Eat The Press

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WSJ

While TV companies plan a rival to YouTube, Conde Nast's CondeNet division is launching a social site in February, says the Wall Street Journal, comparing the new site (called Flip.com) to MySpace. But if Conde Nast wants to keep the teen girl demo that's abandoning Seventeen and Teen Vogue for the web, it needs a site that's more than an online version of a mag. Flip is that site: a social network in which teen girls can read editorial content and share homemade movies and "flipbooks". But to succeed, Flip has to handle several factors:

  • The competition: The site shouldn't compete with MySpace -- because it can't. Teens (and I say this as a recovering one) are locked into MySpace and a few other megasites for the near future. CondeNet president Sarah Chubb seems to get that. She tells the Journal, "I don't think they'll quit MySpace, but they might tell people on their MySpace page to check out their flip book."
  • Creativity: A CondeNet VP says teenage girls "create shrines," which is why social sites must let their users go nuts with their personal pages. MySpace excels at that (hence the Ugly MySpace Showdown), and Friendster failed in part because it didn't allow it.
  • The brand: Wal-Mart tried a social shopping-centered site this fall, earning much online criticism; the company dropped the site after ten weeks. Why didn't it catch on? Well, who wants to be known as the kid with the profile on Wal-Mart? Brand perception shouldn't be a problem for Flip, though.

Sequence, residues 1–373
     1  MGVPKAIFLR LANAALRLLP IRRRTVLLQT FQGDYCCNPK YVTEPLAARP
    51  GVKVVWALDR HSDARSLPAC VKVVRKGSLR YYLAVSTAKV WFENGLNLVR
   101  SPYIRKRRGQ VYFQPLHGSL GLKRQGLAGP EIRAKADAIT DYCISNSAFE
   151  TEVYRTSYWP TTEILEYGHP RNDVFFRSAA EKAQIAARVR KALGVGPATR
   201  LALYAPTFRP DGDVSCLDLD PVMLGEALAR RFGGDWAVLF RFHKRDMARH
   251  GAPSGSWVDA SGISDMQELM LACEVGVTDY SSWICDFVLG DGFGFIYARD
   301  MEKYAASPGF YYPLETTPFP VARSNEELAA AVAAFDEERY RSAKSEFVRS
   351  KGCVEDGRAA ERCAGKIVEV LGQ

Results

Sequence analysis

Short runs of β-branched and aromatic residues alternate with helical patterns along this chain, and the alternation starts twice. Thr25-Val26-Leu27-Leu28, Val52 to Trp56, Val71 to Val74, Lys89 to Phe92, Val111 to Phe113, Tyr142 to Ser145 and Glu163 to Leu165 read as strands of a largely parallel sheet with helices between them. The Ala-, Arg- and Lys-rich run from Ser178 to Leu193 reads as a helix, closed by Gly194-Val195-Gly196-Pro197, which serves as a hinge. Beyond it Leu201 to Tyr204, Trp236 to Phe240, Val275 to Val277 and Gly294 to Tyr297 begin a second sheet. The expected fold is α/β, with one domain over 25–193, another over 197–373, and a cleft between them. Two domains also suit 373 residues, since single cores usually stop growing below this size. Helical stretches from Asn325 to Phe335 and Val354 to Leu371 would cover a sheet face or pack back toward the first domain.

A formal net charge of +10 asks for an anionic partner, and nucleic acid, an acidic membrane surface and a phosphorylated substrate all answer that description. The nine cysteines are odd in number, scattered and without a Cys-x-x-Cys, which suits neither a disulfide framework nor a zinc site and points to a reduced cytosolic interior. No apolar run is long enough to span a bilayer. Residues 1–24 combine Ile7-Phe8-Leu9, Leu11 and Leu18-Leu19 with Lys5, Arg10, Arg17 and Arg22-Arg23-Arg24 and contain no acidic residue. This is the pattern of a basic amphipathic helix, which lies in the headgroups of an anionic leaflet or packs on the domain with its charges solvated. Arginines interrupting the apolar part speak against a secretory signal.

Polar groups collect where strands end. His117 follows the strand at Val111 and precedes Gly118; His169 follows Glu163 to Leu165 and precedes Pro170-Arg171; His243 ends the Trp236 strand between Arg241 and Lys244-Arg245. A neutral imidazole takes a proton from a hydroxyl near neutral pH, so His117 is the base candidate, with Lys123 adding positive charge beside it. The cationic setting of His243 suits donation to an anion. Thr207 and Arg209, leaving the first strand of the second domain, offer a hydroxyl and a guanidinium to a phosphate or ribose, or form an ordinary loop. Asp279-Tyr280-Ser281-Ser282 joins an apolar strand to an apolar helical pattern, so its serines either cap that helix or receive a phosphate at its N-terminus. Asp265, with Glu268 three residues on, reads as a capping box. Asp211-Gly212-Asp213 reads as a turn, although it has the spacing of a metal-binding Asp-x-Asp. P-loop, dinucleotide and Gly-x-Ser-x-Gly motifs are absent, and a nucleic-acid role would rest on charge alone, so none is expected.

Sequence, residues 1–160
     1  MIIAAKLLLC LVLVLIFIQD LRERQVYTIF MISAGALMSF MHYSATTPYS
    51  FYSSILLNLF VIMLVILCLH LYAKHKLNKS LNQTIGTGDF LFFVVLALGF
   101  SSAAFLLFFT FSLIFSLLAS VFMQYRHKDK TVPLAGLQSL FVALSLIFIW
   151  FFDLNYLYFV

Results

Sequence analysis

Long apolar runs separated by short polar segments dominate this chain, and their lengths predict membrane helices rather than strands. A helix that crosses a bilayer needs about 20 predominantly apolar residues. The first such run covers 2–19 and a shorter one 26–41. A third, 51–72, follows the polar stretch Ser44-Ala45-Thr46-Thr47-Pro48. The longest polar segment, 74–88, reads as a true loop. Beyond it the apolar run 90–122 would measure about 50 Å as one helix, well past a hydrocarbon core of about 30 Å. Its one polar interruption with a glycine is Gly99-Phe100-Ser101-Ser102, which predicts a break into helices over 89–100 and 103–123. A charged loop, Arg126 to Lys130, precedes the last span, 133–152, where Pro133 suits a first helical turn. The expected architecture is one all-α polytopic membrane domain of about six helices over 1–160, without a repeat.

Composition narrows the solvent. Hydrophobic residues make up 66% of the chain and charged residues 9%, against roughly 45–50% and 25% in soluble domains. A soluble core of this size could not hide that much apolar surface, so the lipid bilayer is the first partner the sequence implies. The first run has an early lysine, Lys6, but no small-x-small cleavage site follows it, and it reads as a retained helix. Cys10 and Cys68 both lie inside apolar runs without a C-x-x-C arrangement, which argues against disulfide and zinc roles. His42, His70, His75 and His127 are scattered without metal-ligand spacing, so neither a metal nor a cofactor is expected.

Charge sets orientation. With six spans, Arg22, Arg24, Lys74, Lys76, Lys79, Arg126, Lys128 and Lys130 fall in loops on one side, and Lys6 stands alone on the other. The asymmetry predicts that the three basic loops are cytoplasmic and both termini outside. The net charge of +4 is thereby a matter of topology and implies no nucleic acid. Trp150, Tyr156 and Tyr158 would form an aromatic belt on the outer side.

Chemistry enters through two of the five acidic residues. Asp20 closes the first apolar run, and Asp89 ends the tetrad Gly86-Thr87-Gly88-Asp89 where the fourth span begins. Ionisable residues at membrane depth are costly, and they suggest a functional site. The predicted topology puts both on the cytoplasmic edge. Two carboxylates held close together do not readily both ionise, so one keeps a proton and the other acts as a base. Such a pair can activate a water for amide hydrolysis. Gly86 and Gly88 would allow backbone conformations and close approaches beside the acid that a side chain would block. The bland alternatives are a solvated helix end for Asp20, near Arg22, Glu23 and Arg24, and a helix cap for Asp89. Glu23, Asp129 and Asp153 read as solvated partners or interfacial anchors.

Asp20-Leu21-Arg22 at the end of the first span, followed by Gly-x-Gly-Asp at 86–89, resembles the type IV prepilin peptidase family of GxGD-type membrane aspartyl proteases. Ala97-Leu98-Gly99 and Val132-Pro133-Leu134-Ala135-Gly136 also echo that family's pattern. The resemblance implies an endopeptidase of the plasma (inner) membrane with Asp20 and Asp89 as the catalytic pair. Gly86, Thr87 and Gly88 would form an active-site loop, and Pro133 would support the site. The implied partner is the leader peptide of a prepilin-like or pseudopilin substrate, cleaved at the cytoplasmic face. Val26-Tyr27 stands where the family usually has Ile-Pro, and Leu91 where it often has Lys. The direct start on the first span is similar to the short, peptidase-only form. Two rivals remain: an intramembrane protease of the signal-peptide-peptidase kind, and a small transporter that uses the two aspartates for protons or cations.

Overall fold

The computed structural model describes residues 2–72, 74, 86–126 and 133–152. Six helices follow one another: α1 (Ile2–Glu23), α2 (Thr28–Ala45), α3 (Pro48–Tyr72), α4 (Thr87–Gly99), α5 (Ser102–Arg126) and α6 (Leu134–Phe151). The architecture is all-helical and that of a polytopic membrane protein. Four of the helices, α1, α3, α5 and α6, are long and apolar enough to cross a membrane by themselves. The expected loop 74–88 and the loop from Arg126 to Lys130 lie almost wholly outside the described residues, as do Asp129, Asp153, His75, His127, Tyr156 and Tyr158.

• Understanding the culture: From the Journal:
    "The super-alpha girls who want to talk about Miu Miu [designer shoes] can do that," says Jamie Pallot, the editorial director of CondeNet. "And the nerdy ones can talk about," he pauses, looking to his colleagues for assistance. "What do the nerdy ones talk about?"

    No worries, the nerdy ones are pretending to be boys on Digg.com.

  • Advertisers: Now here's where Conde scores over MySpace. The wild and often distasteful content from the latter's users scares off reputable advertisers (which is why nearly every page plays that damn "swat the mosquito" ad and why MySpace reports a dismal ad rate of 10 cents per thousand pageviews). Flip plans to use interstitial and banner ads (keeping banners off personal pages), a classy move that should help set this site apart from MySpace.

Also in the teen mag industry: Powerhouse former Seventeen EIC Atoosa Rubenstein has started her own company; would-be successor Amy Goldwasser is instead shopping her own teen girl magazine concept including reader contributions and a website; in other news, there's still no teen mag for boys.

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